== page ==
He quotes St. Basil the Great, one of the three Holy Hierarchs, whose scriptural interpretations and teachings are foundational for Orthodox Christianity, on the proper use of medicine:

Whatever requires an undue amount of thought or trouble or involves a large expenditure of effort and causes our whole life to revolve, as it were, around solicitude for the flesh must be avoided by Christians. Consequently, we must take great care to employ this medical art, if it should be necessary, not as making it wholly accountable for our state of health or illness, but as redounding to the glory of God and as a parallel to the care given the soul.


Therefore, whether we follow the precepts of the medical art or decline to have recourse to them for any of the reasons mentioned above, we should hold to our objective of pleasing God and see to it that the soul‟s benefit is assured, fulfilling thus the Apostle‟s precept: Whether you eat or drink or whatsoever else you do, do all to the glory of God (I Cor 10:31)

Basil, St. (1962). Ascetical Works, trans. Sister Monica Wagner. Washington, DC: Catholic University of America Press. Pp. 334, 336-37.

Be sure to read the essay for Dr. Enghardt’s use of these valuable patristic quotes for our modern context.

Image from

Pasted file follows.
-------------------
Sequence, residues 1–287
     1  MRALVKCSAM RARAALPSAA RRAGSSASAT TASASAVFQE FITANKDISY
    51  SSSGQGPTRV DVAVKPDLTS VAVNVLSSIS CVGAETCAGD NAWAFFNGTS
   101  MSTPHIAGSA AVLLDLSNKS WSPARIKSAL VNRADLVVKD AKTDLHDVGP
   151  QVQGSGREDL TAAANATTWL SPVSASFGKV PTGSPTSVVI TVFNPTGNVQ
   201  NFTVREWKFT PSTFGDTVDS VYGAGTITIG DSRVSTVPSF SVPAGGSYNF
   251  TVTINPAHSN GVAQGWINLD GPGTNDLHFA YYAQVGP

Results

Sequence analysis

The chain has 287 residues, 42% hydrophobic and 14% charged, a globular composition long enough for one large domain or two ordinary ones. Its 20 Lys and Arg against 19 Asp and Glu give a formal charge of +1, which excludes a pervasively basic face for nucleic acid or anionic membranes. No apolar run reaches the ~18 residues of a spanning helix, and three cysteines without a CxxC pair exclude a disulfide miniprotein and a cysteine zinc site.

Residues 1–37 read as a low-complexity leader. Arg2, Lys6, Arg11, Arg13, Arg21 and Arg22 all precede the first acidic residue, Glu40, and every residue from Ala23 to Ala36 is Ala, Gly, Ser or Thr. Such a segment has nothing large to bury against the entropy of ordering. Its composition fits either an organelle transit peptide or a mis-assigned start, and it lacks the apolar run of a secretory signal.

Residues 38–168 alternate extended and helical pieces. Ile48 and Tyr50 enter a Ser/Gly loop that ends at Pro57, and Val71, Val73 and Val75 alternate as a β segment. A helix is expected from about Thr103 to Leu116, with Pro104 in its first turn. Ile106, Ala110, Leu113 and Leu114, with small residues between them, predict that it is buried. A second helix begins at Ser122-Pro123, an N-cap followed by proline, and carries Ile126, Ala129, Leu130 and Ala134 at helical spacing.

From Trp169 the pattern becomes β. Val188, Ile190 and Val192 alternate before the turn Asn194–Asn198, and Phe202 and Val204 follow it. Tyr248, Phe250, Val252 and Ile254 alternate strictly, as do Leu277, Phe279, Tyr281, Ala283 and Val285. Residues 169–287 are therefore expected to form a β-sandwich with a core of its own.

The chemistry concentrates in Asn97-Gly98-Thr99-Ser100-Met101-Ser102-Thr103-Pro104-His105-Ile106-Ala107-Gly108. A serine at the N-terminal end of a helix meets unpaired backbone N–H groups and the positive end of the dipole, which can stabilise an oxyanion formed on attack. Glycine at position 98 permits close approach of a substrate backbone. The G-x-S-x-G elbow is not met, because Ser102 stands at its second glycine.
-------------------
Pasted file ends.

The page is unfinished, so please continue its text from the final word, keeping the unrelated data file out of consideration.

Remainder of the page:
A Jean Vanier website

 I truly believe that Orthodox Christians have something to learn from Jean Vanier’s message, which is built upon personal stories of transformative experiences which he gained by simply choosing to live, on a long-term basis, with persons who have  developmental disabilities.

Of course, he did this with great devotion, which makes all the difference.

From that decision, those relationships, and their blessed life together (which, though laden with human brokenness and many inner struggles, has, through these very things, become a place of healing for both the persons with disability, Jean, and those who came to assist him) has come a model for a mode of living that reflects in a highly  tangible manner Christ’s Way of love, which includes openness and appreciation for others who are different from ourselves, in the setting of a shared living arrangement which through Christ has become a community (actually, many communities): L’Arche.

The Website:   

St. Ursus of Aosta †529

Another Irish missionary, Saint Ursus of Aosta,  evangelized Gaul, or France, in the region of Digne.

Later he served as an archdeacon in the Church of St. Peter outside the city of Aosta, Italy. (The Bishop of Aosta was an Arian, and he refused to serve under him.

He lived a solitary life, praying constantly, working with his hands for his necessities, and comforted and helped those in need. Many wonders are attributed to him. 

He is counted as an intercessor for those with rheumatism and kidney disease.


(translated from Italian) 



Source of Image: 

Lyudmilla Senner † July 12, 2011

From the weblog of Keystone Human Services International:

Remembering the Life of Lyudmila Senner: 

by Maria Dolbunova, General Director of Keystone Foundation for Children and Families

A fuller commemoration to Lyudmilla in Russian: 

A Google translation of this Russian commemoration into English:

St. Totnan †689

Sts. Kilian, Colman, & Totnan

 St. Totnan (a deacon), with St. Kilian (a bishop) and St. Colman (a priest), all from Ireland, were martyred as they were evangelizing Germany, specifically Franconia and East Thuringia. St. Totnan is counted as an intercessor for people who suffer from gout and rheumatism. 

Sources: (source of image)